When the 17-year-old crown prince of Spain, Don Carlos, fell down a set of stairs in 1562, he threw his whole country into a state of uncertainty about the future. Especially his father, King Philip II, who despite being the most powerful man in the world, was helpless in the face of his heir's terrible head wound.
As contributor Latif Nasser, a graduate student in the History of Science Department at Harvard, explains, none of the leading remedies of the day--bleeding, blistering, purging, or drilling--helped. King Philip II decided he needed a miracle to save his son. So he commissioned one from a highly-skilled clockmaker, and made a deal with God that led to an intricate mechanical creation.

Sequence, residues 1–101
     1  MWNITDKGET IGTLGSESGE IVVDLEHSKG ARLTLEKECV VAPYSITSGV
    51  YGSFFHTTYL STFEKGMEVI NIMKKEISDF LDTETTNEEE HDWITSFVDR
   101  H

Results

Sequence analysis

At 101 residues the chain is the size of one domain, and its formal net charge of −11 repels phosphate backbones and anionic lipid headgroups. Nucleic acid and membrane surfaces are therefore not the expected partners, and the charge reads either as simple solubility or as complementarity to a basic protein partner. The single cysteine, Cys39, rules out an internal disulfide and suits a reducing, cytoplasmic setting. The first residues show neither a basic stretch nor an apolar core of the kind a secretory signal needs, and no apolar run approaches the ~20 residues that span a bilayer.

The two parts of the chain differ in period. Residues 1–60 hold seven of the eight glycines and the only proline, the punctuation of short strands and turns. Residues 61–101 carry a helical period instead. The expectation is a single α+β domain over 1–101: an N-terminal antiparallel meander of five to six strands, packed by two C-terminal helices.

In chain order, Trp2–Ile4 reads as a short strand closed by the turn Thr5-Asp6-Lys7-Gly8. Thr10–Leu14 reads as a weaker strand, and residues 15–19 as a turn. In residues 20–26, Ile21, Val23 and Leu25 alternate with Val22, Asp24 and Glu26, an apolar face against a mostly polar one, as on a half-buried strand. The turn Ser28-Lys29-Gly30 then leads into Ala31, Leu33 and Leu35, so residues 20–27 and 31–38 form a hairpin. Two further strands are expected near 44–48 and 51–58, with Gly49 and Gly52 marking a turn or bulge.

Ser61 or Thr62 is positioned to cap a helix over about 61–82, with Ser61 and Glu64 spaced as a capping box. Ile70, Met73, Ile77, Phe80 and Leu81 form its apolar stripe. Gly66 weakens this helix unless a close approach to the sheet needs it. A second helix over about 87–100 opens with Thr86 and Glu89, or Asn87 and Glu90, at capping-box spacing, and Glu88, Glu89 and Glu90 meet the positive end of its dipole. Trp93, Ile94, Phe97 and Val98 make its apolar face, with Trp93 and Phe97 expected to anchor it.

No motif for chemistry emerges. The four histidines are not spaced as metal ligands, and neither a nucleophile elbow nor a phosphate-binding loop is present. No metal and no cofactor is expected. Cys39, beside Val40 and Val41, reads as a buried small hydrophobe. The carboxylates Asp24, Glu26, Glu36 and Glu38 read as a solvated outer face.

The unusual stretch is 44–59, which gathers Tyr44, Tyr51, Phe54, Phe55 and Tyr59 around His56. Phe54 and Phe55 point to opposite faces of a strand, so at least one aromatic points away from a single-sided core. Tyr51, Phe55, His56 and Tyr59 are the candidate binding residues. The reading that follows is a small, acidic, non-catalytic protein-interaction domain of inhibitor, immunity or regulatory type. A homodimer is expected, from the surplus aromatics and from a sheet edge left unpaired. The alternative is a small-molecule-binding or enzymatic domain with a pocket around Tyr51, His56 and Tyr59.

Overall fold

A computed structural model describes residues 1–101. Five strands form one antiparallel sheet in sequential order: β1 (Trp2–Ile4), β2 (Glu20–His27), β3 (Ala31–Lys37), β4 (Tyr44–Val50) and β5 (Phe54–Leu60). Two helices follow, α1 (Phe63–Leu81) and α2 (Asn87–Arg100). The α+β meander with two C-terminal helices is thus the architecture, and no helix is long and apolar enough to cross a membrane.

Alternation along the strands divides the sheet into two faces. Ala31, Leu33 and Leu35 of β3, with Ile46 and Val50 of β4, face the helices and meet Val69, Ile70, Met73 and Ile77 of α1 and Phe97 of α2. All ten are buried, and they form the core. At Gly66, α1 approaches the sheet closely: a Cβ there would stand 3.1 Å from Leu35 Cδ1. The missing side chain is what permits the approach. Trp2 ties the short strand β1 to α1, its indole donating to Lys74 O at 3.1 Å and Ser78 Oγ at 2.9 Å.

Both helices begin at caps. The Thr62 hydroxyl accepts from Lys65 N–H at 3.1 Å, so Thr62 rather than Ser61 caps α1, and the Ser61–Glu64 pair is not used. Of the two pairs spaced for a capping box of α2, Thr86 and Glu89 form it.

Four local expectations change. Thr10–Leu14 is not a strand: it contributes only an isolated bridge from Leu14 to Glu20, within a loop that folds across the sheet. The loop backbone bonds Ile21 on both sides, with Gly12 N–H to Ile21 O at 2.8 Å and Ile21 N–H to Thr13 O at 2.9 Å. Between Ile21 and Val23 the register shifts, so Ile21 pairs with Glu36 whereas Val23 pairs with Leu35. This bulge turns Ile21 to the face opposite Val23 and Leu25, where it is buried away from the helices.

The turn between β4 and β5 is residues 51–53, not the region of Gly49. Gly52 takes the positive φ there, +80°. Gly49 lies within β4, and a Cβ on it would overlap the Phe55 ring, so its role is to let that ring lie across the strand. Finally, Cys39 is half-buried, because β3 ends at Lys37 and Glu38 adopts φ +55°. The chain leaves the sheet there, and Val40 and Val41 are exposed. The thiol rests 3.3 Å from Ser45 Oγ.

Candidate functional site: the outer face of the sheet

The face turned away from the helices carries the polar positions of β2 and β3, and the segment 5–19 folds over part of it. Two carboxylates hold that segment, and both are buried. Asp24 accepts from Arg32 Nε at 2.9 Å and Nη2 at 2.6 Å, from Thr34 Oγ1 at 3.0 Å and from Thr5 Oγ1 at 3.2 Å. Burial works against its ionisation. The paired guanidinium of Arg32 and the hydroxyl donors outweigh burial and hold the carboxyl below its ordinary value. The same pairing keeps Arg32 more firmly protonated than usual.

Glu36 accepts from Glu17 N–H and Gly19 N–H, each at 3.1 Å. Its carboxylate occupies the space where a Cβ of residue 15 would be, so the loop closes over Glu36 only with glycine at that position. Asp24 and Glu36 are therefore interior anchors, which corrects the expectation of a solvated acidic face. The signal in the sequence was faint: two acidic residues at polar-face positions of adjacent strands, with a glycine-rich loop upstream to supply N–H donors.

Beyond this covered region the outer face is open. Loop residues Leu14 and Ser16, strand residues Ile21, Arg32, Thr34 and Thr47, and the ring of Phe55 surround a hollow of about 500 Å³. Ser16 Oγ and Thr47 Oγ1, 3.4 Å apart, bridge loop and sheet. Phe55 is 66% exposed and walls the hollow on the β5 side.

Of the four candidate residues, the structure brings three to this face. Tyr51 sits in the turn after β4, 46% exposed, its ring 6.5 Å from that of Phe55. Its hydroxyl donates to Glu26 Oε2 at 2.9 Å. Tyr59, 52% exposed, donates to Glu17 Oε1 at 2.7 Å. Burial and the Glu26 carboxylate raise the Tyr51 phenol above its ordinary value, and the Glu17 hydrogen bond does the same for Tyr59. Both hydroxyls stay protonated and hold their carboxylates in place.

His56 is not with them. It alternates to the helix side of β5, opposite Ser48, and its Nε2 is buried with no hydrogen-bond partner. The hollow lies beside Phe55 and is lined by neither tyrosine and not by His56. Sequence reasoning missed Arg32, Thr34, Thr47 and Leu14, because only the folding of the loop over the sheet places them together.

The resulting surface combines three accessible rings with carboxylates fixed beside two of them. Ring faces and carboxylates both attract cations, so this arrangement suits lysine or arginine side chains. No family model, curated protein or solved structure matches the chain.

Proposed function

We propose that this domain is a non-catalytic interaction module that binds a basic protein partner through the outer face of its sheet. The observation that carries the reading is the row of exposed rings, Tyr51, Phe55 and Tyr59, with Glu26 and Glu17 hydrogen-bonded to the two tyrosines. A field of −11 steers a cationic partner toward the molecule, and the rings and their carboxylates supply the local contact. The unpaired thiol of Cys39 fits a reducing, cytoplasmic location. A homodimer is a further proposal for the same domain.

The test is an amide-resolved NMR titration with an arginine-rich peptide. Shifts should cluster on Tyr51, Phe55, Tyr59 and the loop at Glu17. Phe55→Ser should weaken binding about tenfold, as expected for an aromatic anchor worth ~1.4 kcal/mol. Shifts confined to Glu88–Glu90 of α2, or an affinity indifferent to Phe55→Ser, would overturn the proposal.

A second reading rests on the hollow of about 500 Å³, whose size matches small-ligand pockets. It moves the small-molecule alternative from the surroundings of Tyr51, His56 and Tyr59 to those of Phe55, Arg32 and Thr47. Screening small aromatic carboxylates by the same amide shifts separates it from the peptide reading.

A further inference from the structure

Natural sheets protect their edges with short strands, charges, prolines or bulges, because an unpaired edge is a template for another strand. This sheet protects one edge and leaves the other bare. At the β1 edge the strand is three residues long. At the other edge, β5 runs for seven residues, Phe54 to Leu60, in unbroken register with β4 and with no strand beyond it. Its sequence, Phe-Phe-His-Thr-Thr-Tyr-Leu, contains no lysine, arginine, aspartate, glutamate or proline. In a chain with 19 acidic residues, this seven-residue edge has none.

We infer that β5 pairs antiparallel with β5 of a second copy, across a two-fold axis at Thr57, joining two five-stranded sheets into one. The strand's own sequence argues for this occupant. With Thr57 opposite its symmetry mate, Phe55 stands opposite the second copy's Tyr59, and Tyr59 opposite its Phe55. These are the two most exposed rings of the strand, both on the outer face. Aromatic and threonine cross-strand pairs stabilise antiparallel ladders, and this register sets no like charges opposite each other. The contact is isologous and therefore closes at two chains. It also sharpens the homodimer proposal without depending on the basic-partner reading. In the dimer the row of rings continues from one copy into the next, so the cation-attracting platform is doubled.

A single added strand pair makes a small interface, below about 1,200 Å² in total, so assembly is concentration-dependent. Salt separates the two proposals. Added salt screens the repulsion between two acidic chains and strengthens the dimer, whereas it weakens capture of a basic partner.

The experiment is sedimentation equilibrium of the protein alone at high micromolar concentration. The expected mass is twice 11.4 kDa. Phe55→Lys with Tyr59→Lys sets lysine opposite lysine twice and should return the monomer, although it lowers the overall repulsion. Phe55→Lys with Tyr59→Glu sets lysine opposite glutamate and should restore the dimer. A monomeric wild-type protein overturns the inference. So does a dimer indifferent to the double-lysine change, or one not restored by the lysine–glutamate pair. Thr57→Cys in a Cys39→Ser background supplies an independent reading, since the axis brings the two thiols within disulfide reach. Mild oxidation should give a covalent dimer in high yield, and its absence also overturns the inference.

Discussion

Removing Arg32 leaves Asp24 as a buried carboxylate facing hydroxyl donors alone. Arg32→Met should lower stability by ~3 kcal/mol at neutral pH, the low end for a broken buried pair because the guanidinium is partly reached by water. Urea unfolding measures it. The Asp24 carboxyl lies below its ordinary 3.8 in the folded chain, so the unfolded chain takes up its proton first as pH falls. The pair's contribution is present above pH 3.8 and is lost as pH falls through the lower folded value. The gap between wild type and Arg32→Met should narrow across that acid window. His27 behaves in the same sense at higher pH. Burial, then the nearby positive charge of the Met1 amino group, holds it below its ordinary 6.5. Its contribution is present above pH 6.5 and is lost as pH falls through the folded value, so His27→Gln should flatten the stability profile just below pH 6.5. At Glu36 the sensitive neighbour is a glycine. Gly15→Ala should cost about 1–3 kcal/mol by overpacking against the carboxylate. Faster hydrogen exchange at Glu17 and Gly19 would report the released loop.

Elizabeth King, a professor at Virginia Commonwealth University, describes how--according to legend--Philip II's plan played out.And Jad and Latif head to the Smithsonian to meet curator Carlene E. Stephens, who shows them the inner workings of a nearly 450-year-old monkbot.